brought untold hardship to the citizens. Job creation is very critical to the economic prosperity of Nigerians at this time. The mood of Nigerians towards the current administration, which has been tainted with accusations of nepotism, incompetence and insensitivity, has been nothing short of disappointment and dissatisfaction. The economy has refused to blossom, job opportunities have plummeted and unemployment soars, high levels of insecurity, rising ethnic and religious tensions, massive corruption, etc have made it all imperative that Nigerians must make conscious choices to restore Nigeria’s stability and growth in all sectors. Also in contention, in addition to competence and capacity, is the youthfulness of the president. Recent debates about the actual age of the national leader of the All People’s Congress (APC), Bola Ahmed Tinubu as he marked his 69th birthday in the city of Kano, is a clear indication that Nigerians will vote an individual who is not only competent but also has age on his/her side. It is not surprising that the age of a man who has been rumoured to be
courting the presidency in 2023 can be of public concern. This is because the tedious responsibilities of a president befit someone of a younger age who still has lots of energy in-store; someone who is innovative and a creative leader.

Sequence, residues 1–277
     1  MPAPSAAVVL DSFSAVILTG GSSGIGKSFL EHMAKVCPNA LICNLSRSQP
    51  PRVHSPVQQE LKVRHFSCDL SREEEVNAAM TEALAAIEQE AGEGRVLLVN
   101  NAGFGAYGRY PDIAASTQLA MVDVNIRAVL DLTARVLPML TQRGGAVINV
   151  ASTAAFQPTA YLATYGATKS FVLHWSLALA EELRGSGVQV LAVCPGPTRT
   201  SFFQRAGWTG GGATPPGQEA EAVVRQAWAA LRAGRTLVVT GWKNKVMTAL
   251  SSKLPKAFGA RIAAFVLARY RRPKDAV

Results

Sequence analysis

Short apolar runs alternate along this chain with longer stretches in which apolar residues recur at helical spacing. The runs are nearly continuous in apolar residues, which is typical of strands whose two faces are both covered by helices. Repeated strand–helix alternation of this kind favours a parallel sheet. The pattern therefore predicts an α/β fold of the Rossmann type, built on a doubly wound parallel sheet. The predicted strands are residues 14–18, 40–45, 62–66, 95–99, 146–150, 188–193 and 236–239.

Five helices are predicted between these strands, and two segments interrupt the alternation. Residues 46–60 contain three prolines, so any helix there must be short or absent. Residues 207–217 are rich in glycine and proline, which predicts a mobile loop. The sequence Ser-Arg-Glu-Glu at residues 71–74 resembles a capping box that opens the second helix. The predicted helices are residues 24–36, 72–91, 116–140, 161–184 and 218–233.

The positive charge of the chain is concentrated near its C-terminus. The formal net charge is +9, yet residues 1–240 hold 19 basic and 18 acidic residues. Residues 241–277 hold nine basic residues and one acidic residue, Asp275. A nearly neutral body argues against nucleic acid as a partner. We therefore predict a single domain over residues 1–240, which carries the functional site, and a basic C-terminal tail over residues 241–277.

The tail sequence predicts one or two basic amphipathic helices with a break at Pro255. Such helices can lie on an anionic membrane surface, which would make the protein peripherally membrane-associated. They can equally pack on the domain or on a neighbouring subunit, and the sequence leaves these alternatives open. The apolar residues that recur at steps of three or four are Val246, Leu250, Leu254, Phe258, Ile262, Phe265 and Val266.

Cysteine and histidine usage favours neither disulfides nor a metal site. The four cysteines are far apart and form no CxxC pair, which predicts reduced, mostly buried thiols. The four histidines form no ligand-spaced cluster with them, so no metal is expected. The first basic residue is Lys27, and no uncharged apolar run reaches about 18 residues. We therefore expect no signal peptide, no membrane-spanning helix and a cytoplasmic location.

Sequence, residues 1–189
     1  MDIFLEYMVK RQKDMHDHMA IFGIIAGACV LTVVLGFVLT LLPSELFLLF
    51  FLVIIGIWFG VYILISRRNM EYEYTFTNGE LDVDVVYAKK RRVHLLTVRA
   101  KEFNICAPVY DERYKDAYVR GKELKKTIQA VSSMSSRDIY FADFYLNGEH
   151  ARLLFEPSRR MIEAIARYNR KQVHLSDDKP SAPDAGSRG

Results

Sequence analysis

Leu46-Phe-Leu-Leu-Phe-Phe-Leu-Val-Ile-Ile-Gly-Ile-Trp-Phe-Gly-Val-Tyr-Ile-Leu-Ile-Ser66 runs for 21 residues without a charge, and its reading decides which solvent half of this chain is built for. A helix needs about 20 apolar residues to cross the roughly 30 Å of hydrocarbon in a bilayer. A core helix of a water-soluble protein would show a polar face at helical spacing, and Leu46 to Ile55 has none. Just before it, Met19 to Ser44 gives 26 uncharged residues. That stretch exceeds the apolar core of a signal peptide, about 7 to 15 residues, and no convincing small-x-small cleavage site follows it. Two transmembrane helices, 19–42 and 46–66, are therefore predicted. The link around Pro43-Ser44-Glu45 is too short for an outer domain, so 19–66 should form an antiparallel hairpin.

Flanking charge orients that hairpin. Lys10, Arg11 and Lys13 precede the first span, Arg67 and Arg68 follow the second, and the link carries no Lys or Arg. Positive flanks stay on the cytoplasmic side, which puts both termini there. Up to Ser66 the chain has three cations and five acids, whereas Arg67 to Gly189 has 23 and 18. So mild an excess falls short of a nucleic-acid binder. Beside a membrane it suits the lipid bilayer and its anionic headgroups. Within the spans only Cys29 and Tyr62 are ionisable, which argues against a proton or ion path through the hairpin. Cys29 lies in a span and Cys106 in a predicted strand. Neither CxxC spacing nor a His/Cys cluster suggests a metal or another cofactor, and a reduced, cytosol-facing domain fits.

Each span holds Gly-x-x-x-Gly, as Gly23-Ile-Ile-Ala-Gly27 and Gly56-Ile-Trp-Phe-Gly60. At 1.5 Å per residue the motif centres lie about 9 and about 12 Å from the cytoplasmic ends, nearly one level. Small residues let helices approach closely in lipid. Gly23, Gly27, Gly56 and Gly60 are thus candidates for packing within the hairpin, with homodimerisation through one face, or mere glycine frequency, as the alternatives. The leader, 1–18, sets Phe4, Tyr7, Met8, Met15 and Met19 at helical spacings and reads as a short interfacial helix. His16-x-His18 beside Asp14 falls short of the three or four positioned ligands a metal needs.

One of the most important choices before the country is either there are deliberate efforts to strengthen the unity of the country with a shared purpose or allow it to continue to wallow in religious, ethnic, and partisan infractions. Should the eventual choice be strengthening Nigeria’s unity, then the country must be restructured as a foundation towards unity. The actualisation of these choices hinges greatly on the political participation of young people. Participation in the political process gives opportunities to individuals and groups to effect the changes they want to see or influence policymakers to effect those changes. This is the work that an organization like Raising New Voices has been doing with young people across the country to ensure youth participation and inclusion in politics and governance.